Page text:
Wolffer Estate’s limited edition Rose Gin is definitely one of my favorites, mainly because of its unique production. Gin is defined as a neutral spirit distilled with Juniper and botanicals, so Roman Roth of Wolffer distilled their hugely popular Rose and infused it with their estate grown Juniper berries.

The product is a beautiful hint of pink, which has been trending for some time, and has a smooth floral finish that drinks well on its own, as well as in a cocktail.

Beehive Jack Rabbit Gin

Christopher Stephenson, bartender at The Vault in Salt Lake City

Beehive Jack Rabbit from Beehive Distilling. This sage-forward gin is softened up with some nice rose petal notes. On the rocks with a twist of grapefruit is the way to go with this one.

Apostles Gin

Phil Testa, beverage manager at The Rickey in New York City

Apostles Gin – by far. It is fairly new but certainly “new to me” and I am obsessed with it. It is from Argentina and made with some great local herbs and botanicals that make its profile truly special. At The Rickey, we just created the Rizzo, which is made with Apostoles Gin, Passion Fruit juice, fresh Grapefruit, and Lemongrass Syrup. It is extremely delicious and my new favorite cocktail on the menu

Jocassee Gin

Drew Breen, bar manager at Jianna in Greenville, South Carolina

My favorite newer bottle is Jocassee Gin. I love the fact that it’s made with the citrus trinity (orange, lemon, grapefruit) and only four botanicals.

Trail Trillium Gin

Brandon Lockman, lead bartender at Red Star Tavern in Portland, Oregon

I always go for something local. Take your pick. Micro distilleries are popping up everywhere and putting you within easy range of good product. Around here: Trail Distilling’s Trillium Gin is that bottle.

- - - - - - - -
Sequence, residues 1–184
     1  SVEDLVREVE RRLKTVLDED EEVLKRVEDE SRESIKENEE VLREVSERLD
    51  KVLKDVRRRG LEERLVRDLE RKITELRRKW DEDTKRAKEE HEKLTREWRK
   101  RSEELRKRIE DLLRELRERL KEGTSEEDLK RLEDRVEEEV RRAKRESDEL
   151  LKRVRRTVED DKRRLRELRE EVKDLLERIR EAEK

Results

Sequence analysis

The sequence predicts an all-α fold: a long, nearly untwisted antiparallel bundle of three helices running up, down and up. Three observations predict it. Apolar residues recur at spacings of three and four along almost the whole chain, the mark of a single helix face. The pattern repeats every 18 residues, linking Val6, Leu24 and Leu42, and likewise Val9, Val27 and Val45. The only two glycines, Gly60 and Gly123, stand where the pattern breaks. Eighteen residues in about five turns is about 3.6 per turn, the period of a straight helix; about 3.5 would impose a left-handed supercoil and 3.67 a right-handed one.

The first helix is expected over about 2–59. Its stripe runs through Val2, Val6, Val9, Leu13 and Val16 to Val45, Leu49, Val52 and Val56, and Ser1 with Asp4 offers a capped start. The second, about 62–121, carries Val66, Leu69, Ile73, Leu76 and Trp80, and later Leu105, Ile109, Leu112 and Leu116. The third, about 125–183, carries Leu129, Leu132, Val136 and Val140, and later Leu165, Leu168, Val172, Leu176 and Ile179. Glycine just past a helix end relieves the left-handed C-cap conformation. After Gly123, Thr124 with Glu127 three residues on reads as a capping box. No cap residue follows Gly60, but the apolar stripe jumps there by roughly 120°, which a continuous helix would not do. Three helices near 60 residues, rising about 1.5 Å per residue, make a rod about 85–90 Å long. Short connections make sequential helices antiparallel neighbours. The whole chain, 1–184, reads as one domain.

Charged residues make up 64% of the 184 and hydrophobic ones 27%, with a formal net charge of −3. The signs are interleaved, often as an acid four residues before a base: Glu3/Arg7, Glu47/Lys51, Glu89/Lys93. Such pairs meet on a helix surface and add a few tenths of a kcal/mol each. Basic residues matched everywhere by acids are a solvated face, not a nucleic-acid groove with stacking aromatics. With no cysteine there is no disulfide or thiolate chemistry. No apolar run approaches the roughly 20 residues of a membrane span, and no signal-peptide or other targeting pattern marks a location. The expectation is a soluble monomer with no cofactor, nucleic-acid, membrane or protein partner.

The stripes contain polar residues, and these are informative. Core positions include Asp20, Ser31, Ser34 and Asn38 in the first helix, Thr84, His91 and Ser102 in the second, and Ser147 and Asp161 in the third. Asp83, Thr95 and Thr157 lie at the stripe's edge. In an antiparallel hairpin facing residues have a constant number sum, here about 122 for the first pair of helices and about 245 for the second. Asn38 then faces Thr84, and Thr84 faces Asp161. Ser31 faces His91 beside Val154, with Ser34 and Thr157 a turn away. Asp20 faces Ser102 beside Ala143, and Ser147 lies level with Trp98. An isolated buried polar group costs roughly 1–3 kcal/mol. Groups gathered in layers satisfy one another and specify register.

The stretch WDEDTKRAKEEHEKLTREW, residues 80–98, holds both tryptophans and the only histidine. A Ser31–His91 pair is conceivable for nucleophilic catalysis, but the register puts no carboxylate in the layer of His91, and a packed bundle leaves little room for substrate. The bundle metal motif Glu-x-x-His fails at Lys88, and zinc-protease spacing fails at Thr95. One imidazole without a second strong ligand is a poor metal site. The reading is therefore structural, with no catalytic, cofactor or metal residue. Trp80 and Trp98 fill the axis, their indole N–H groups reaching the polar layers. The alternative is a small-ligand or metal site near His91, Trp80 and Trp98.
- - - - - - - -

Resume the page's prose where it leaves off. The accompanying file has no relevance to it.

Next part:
Jocassee Gin

Drew Breen, bar manager at Jianna in Greenville, South Carolina

My favorite newer bottle is Jocassee Gin. I love the fact that it’s made with the citrus trinity (orange, lemon, grapefruit) and only four botanicals.

EDITOR’S PICK: Whitley Neill Quince Gin

Steve Bramucci — Editorial Director, Uproxx Life

Flavored gins make a lot more sense to me than flavored vodkas, as there’s some precedent there and more complex notes that the flavoring has to be balanced against (botanicals). This “new to me” quince gin is bright and fruity but also incredibly lush. It’s not quite syrupy, but at 43% abv, it will at least vaguely remind you of a liqueur… in a nice way.

The gin itself is incredibly smooth and the hit of orange, apricot, and pear on the front of the taste mellows beautifully to a nice, smooth, quince flavor on the back end. Here’s how I say to use this gem: serve G&Ts with a nice, simple artisan tonic. Then make yourself a Spanish or Middle Eastern style cheese or snack plate with quince paste complementing manchego cheese.

Your quince double-up will be a smash, trust me — I’ve done it twice now.